June 13, 2024
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The exchange rate between the Naira and dollar on the official NAFEM window fell to N1,520.4/$1 on Tuesday, May 14, 2024. 

This is a 2.78 per cent depreciation from the previous day close of N1,478.11/$1, marking the weakest position the Naira has held in over six weeks.

This downturn is significant as it is the first time since March 19, 2024, that the official exchange rate has breached the N1,500/$1 level, signaling ongoing volatility in the forex market. 

The decline over the last week has been particularly steep, with the Naira losing approximately 11% of its value in the official market, a trend that underscores the challenges facing Nigeria’s currency stabilization efforts. 

The trading dynamics on Tuesday further illustrate the erratic nature of the forex market; the intra-day high reached N1,568/$1, suggesting a temporary peak in the sell-off, whereas the intra-day low dipped to N1,350/$1, indicating a potential buy-back or corrective movement within the same trading session. 

The significant depreciation of the Naira in recent days can be partly attributed to a noticeable decline in dollar liquidity in the official market. 

On Tuesday, the daily turnover in the forex market witnessed a sharp drop of about 41%, closing at $128.76 million compared to $217.64 million recorded the previous day.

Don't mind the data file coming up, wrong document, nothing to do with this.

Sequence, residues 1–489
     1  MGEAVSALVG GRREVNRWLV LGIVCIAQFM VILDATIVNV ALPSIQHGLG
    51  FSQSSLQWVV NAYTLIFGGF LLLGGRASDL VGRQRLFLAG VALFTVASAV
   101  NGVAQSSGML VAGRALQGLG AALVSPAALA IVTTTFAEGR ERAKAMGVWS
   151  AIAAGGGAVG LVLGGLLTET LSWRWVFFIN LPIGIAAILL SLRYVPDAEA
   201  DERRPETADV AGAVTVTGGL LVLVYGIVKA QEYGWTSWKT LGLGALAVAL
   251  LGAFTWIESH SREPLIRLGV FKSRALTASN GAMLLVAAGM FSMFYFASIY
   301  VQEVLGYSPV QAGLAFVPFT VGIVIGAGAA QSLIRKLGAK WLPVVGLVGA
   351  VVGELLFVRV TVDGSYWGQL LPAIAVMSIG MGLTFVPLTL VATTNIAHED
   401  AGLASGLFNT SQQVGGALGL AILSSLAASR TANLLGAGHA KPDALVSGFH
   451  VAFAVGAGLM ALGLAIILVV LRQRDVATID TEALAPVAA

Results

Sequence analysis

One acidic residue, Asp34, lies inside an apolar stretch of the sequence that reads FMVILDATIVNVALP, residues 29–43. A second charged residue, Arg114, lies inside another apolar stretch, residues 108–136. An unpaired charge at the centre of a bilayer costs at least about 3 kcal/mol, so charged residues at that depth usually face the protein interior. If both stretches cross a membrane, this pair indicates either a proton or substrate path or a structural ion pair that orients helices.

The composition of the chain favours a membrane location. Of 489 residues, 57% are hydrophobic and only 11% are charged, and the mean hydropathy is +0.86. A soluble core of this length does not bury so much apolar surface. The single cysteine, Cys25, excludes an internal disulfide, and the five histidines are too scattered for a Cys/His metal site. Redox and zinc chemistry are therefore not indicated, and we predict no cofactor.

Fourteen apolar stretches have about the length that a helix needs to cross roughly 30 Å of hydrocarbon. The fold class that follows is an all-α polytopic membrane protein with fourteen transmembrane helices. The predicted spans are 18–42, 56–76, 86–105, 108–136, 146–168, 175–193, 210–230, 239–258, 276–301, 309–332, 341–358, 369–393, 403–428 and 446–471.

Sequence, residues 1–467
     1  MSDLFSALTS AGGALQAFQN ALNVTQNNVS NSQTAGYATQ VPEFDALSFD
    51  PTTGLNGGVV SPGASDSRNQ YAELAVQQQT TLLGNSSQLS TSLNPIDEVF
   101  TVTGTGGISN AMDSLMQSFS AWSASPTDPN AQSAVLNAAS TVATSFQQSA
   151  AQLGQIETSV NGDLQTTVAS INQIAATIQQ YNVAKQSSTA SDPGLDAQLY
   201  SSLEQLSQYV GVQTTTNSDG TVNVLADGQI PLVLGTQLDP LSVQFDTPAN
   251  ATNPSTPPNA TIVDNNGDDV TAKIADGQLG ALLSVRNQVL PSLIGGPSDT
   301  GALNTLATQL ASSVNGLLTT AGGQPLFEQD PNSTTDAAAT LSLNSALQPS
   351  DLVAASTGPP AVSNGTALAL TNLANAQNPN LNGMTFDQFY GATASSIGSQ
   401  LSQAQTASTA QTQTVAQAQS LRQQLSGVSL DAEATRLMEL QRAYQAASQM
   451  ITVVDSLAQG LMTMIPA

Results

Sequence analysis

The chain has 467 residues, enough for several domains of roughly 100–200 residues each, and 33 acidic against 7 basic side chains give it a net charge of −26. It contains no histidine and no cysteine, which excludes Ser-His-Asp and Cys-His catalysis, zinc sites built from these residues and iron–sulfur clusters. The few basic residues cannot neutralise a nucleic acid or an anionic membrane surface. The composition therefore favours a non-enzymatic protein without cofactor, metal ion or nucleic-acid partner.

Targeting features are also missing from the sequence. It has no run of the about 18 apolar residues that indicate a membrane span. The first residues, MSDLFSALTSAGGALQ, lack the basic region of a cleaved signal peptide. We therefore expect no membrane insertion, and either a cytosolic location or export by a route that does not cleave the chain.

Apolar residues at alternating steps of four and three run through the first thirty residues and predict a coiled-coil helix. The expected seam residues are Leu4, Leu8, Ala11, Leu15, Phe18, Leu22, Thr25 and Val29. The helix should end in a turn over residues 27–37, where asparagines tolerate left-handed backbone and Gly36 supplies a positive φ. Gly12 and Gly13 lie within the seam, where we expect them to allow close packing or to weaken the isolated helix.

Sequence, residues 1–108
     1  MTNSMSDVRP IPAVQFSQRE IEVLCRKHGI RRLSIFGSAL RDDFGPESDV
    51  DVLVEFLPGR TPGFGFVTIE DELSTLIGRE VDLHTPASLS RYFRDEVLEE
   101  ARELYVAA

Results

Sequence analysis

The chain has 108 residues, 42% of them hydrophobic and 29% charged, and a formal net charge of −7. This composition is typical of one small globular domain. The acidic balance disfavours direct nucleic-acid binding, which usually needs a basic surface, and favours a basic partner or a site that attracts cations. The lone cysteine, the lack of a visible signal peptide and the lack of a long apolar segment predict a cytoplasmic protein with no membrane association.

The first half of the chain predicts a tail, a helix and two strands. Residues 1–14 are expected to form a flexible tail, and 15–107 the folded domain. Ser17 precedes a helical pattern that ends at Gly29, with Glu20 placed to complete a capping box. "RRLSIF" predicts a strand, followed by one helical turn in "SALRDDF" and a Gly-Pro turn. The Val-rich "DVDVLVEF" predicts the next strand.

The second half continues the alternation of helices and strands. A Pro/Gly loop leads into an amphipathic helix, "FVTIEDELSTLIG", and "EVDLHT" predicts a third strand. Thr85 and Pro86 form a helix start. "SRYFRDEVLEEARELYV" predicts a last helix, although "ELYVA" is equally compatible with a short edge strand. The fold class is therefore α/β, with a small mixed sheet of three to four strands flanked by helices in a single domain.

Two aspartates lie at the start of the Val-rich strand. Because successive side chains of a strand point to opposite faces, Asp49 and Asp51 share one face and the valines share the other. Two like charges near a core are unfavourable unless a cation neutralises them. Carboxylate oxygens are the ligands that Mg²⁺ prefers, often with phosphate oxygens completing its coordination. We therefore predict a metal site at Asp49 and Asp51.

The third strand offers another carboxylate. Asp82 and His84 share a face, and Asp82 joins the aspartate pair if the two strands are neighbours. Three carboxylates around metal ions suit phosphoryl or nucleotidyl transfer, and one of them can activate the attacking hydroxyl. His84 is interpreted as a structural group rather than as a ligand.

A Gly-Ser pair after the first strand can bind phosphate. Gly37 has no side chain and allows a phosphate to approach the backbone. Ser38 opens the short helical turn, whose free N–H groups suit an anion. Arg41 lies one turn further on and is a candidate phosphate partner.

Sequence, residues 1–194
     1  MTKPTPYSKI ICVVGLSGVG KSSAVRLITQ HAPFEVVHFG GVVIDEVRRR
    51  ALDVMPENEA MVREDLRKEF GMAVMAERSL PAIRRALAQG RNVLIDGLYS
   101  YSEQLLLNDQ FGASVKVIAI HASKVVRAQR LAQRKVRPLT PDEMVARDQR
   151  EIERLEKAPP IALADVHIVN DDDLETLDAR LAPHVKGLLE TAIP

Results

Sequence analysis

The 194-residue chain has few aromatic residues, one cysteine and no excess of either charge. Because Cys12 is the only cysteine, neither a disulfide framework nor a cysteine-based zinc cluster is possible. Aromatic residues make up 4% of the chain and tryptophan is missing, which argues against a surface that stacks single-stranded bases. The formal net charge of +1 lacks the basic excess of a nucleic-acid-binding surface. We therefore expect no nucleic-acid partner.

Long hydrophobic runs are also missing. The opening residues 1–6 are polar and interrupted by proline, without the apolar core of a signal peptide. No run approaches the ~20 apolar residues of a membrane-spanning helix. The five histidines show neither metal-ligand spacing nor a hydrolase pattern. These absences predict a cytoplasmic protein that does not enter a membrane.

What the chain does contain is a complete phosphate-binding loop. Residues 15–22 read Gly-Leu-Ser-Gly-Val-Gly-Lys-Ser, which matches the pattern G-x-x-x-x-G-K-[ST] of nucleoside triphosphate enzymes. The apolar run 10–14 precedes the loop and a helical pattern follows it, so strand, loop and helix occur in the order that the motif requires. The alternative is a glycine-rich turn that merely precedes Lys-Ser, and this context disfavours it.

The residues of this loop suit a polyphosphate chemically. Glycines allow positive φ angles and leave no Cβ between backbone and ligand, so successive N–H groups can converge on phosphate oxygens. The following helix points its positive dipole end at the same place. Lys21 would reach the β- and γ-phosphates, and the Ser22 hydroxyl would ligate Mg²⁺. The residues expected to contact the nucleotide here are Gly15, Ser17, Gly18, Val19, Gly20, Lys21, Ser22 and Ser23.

This decline reflects the erratic nature of dollar supply, which had seen a substantial 91 per cent increase just the day before, highlighting the unpredictable fluctuations in foreign exchange supply to the official market. 

Despite these challenges in the forex market, Nigeria’s foreign exchange reserves have shown signs of resilience, registering a continuous rise over the past two weeks. 

Since April 19, 2024, the reserves have increased by $262 million, providing a cushion that might help stabilize the currency if strategically managed.

The increase started at around the time that the Governor of the Central Bank of Nigeria (CBN) Yemi Cardoso, said that the apex bank is not making efforts to defend the naira following over one-month dip streak in the country’s reserves. 

The Naira also showed stark volatility, with trading between N1,520/$1 and N1,550/$1 in major cities like Lagos and Abuja on Tuesday.

This marks a notable decline from the earlier rate of N1,475/$1 reported in the unofficial market at the start of the week. 

The gap between the official and parallel market rates has seen some contraction in recent weeks, attributable to the Central Bank of Nigeria’s adoption of a more market-oriented approach to price discovery. 

Despite these efforts, anomalies persist, with the official market at times posting weaker rates compared to its parallel counterpart. 

However, the latest depreciation trends suggest that the parallel market has experienced a sharper decline relative to the official rates. 

Market analysts link this to heightened demand from importers and Nigerian travellers needing foreign exchange. 

Further compounding the issue, customers at commercial banks report significant hurdles in purchasing forex directly over the counter, often being informed of its unavailability.

This has driven many to the parallel market, exacerbating the pressure on the already strained exchange rate. 

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